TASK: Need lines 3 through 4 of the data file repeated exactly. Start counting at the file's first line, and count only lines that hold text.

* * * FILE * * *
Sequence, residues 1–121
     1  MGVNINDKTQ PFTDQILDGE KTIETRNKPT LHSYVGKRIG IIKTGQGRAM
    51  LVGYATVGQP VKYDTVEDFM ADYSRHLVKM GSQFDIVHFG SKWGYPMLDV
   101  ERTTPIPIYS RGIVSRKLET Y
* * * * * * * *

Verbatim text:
    51  LVGYATVGQP VKYDTVEDFM ADYSRHLVKM GSQFDIVHFG SKWGYPMLDV
   101  ERTTPIPIYS RGIVSRKLET Y